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Development News

statewide tour shows off growing power of green energy


The ninth annual Green Energy Ohio Tour, held last weekend at 260 businesses and homes across the state, featured more than 160 solar, wind and green energy projects in Northeast Ohio. Yet while education was the tour's primary goal, it also communicated a critical, attention-grabbing memo to policymakers: This fast-growing industry is driving development and job creation in Ohio.

"With some of our legislators currently doubting the value of renewable energy, our tour sent a very strong message," says Bill Spratley, Executive Director of Green Energy Ohio. "The green energy industry is about creating jobs, and that seems to be one thing that resonates with this administration."

The renewable energy, energy efficiency and green design projects on the tour created or retained more than 2,000 jobs, according to the Ohio Energy Resources Division. In the first quarter of 2011, Ohio was also ranked number two among U.S. states in solar panel and wind turbine parts production.

Spratley says that large projects such as Lincoln Electric's wind turbine, as well as the growing number of homes and commercial businesses using solar panels to slash their energy bills, reveal an industry that's finally gaining traction.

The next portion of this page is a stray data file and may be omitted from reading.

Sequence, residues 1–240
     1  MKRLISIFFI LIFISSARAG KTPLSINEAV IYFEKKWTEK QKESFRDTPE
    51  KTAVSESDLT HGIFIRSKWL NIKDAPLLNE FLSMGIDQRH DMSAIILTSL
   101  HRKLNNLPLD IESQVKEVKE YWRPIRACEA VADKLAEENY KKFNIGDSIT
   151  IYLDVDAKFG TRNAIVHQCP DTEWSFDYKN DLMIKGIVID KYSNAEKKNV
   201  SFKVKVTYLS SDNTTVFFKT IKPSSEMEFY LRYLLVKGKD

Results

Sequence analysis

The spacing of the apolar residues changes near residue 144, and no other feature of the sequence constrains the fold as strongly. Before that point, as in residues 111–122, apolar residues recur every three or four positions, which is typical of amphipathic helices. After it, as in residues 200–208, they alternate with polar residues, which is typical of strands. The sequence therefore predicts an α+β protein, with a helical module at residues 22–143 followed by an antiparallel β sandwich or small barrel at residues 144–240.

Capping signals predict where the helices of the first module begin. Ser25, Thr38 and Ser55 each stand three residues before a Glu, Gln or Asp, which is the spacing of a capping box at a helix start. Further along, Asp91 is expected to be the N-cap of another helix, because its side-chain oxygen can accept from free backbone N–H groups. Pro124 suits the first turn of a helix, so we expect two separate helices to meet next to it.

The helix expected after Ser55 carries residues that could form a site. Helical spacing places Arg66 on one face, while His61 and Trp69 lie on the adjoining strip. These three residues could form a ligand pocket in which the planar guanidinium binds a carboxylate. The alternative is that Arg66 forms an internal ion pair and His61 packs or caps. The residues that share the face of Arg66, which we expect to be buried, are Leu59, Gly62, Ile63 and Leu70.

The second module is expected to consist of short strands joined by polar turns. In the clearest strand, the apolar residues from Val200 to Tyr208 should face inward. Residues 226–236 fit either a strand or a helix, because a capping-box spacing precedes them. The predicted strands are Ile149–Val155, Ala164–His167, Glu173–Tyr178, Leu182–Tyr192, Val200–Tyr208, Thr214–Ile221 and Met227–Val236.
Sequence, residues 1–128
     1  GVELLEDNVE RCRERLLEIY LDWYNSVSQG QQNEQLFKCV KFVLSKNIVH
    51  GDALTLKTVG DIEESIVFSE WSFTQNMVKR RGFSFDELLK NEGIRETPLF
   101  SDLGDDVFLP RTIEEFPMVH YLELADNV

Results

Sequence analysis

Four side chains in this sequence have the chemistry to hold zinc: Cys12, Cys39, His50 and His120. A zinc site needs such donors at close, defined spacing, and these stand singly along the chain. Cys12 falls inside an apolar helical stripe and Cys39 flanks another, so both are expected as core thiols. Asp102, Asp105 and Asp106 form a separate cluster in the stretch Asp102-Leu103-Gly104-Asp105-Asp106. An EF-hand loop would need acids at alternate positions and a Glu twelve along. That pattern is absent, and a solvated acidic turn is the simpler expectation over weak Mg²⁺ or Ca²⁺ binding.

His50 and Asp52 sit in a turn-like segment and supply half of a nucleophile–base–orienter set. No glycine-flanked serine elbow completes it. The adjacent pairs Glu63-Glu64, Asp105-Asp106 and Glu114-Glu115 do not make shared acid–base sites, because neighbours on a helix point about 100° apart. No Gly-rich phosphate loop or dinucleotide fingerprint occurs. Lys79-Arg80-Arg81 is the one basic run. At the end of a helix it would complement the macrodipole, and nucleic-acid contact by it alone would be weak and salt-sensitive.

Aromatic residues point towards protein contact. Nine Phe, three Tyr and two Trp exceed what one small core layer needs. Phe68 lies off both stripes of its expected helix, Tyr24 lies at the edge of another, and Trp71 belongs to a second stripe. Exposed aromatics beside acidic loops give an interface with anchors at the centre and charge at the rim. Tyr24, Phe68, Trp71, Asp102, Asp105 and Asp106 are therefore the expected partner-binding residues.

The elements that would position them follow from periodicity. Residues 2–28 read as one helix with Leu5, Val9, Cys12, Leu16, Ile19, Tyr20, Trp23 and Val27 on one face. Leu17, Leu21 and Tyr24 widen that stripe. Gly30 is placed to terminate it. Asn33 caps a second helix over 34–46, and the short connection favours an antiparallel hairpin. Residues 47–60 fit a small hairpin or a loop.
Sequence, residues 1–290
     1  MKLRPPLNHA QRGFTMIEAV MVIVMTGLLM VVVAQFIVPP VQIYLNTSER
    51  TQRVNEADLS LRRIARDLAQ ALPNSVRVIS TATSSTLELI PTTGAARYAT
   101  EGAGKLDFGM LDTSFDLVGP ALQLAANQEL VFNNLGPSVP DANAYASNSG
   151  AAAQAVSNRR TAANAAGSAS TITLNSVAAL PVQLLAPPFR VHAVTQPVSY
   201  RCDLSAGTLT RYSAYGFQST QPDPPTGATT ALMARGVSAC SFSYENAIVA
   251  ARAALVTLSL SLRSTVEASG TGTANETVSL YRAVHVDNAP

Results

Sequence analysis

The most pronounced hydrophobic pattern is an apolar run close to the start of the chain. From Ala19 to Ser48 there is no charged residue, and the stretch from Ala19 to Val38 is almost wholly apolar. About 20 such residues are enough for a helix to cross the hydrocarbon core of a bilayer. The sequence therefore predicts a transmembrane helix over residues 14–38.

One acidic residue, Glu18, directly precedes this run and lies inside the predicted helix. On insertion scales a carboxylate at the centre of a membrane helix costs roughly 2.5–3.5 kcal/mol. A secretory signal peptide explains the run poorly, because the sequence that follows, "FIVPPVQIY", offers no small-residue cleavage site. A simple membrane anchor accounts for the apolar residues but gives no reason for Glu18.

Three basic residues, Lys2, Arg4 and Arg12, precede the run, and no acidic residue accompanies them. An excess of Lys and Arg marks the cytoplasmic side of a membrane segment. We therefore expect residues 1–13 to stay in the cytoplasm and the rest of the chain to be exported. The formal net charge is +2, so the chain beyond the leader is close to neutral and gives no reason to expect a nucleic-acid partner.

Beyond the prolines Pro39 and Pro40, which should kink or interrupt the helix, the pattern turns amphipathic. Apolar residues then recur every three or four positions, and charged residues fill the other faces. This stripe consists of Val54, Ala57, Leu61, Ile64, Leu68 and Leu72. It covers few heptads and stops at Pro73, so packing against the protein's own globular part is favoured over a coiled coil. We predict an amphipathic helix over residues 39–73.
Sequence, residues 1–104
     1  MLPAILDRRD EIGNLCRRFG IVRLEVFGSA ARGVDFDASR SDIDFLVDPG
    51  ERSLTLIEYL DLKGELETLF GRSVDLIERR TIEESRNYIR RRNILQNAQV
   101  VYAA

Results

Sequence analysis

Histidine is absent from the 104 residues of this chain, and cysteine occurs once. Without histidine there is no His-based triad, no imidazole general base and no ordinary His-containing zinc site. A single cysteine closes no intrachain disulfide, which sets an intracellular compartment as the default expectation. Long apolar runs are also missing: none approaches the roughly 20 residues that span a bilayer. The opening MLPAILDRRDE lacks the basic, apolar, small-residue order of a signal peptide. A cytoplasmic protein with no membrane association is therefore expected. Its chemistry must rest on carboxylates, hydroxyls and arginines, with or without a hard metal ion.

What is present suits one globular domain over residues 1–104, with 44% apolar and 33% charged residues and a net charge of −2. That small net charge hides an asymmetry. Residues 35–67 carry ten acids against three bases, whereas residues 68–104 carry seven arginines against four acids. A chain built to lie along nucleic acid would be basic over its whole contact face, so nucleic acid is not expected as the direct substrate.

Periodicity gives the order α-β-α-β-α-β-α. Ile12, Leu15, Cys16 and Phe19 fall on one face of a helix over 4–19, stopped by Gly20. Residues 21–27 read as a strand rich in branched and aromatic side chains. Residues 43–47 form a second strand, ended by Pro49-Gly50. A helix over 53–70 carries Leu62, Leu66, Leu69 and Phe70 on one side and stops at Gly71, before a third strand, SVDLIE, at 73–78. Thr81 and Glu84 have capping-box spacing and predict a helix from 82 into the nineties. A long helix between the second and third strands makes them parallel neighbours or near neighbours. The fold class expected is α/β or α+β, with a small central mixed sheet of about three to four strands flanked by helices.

"People now understand green energy, and they're going from 'curious' to 'serious,'" says Spratley. "We see people taking notes, particularly at solar homes, and then a year or two later I'll see them with their own solar homes."

Spratley added that Cleveland has "really stepped up" since the American Solar Energy Society brought its national conference -- and 5,000 people -- here in 2006. "People were very impressed with the enthusiasm in Cleveland," he says. "Now we have solar panels on Progressive Field, the Great Lakes Science Center, the Cleveland Musem of Art and many other locations."

Among the many Northeast Ohio projects featured on the 2011 tour were the Lincoln Electric wind turbine, Rockefeller Park Solar Demonstration, PNC SmartHome and Joseph McCullough Building at the Cleveland Institute of Art.


Source: Bill Spratley
Writer: Lee Chilcote
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